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Rabbi Goldie Milgram
Rabbi Avi Shafran

Living Judaism

What Does Judaism Have To Say About Organ Donation?
Follow up to February's Living Judaism.

-- Rabbi Avi Shafran

Reconstructionist/Renewal Rabbi Goldie Milgram asserts that authorities of halacha, or traditional Jewish law, endorse the cessation of brain stem activity as a definition of death, and consider organ donation a "mega-mitzvah."

For accuracy's sake and your readers? information, both assertions are somewhat misleading. There are halachic authorities who do not accept the concept of "brain death"; so long as the heart continues to beat, these authorities assert, the person is still alive and must be maintained on life-support. They would not offer a blanket endorsement of organ donation.

There are, to be sure, cases where all would agree it is proper, even a great mitzvah, to donate one?s, or a relative?s, organs. But a halacha-respecting Jew considering such a donation, or thinking about carrying an unrestricted organ-donation card, should consult a competent halachic authority first.

-- Rabbi Avi Shafran, Director of Public Affairs, Agudath Israel of America

Rabbi Milgram responds.

I absolutely agree with and appreciate the clarifications offered by Rabbi Shafran.

Indeed, I myself have attended international Jewish bioethics conferences addressed by poskim who do not allow their constituents to utilize the criteria for death set by the Israeli Chief Rabbinate. The criteria I saw presented by such authorities do not prohibit organ donation, they do, as Rabbi Shafran indicates, require total cessation of neurological, cardiac and respiratory function, resulting in only the kidneys still being viable for transplant. The emphasis on brain stem death criteria settled on by the Israeli Chief Rabbinate allows for all otherwise-healthy organs of the deceased to be viable for transplantation.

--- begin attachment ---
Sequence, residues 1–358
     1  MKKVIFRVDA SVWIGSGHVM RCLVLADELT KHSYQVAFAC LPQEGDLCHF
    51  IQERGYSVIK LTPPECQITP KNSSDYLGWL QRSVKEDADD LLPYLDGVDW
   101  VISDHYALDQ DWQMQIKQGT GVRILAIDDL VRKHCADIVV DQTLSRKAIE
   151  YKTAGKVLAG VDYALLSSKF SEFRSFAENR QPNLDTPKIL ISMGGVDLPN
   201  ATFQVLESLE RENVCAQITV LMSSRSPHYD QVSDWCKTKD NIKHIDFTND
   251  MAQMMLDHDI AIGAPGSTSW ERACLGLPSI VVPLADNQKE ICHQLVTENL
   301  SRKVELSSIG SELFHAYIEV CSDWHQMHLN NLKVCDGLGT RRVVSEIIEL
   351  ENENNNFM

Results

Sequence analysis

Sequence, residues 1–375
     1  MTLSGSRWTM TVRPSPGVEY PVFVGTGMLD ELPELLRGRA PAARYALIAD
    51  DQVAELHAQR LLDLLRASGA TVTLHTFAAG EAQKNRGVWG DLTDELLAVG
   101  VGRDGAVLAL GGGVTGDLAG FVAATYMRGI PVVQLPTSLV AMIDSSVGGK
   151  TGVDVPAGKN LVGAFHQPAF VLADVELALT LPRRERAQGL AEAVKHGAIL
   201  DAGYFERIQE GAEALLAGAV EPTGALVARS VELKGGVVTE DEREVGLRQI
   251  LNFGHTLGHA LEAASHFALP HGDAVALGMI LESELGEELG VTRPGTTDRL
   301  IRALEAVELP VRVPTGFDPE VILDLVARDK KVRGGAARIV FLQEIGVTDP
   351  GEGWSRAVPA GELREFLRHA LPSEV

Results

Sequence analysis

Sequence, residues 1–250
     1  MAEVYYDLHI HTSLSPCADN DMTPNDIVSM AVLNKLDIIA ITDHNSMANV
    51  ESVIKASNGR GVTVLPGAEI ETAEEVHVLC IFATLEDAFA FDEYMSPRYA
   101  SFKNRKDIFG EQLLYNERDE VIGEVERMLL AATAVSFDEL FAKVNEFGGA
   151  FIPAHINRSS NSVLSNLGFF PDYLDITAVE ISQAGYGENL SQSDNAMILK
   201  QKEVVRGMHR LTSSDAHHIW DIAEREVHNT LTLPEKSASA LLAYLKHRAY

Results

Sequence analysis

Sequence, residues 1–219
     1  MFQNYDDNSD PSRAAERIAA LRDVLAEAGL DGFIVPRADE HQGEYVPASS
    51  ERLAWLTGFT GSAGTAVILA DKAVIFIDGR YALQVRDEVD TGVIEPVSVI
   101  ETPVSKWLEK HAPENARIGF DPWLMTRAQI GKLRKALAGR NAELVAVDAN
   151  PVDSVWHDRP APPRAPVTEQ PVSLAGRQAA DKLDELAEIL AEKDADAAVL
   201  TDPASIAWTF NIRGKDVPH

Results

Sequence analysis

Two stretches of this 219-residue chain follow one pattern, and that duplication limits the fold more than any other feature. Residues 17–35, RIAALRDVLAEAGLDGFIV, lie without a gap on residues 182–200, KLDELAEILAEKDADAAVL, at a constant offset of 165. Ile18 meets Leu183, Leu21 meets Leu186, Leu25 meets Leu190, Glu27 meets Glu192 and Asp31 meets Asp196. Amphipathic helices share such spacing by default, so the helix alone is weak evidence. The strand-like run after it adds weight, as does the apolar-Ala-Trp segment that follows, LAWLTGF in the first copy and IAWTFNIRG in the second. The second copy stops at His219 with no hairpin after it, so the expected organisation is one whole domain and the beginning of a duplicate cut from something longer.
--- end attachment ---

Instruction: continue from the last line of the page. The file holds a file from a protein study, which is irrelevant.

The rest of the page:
Because of a wide-spread misperception that organ donation is never allowed in Judaism, the State of Israel became largely dependent on non-Jewish organ donors. A serious consequence was Israel's dismissal from the European Union Organ Donor Network because Israel accepted organs from the Network but did not donate organs back to the Network. Action on every Jew's part to participate in the mitzvah of pikuakh nefesh by undertaking organ donation to the extent permissible in every part of the spectrum is urgent for saving lives here, in Israel and world-wide.

As a Jewish bio-ethicist who often works with and consults Orthodox colleagues, I also respect and appreciate Rabbi Shafran underscoring that Orthodox individuals are expected to seek out the opinion of a local Orthodox biomedical Jewish law (halachic) specialist and not decide complex medical matters for themselves or with their physicians alone. The technical term for such a specialist is a posek. Each stream within Orthodoxy have preferred poskim (plural) with whom locals rabbis consult. With so many dying in Israel and the United States due to insufficient supplies of organs for transplantation, it is vital that Jews who live in accordance with Jewish law become knowledgeable about the types of circumstances under which their local Orthodox authorities permit organ transplantation and donation.

-- Rabbi Goldie Milgram, Director, ReclaimingJudaism.org

Previous Features  

The Living Judaism feature in each issue focuses on Jewish spirituality, meaning and activism with invited columns written by rabbis belonging to the various movements of Judaism. Jewish clergy interested in writing for Living Judaism are invited to make contact with Rabbi Goldie Milgram at judaism @ pjvoice.com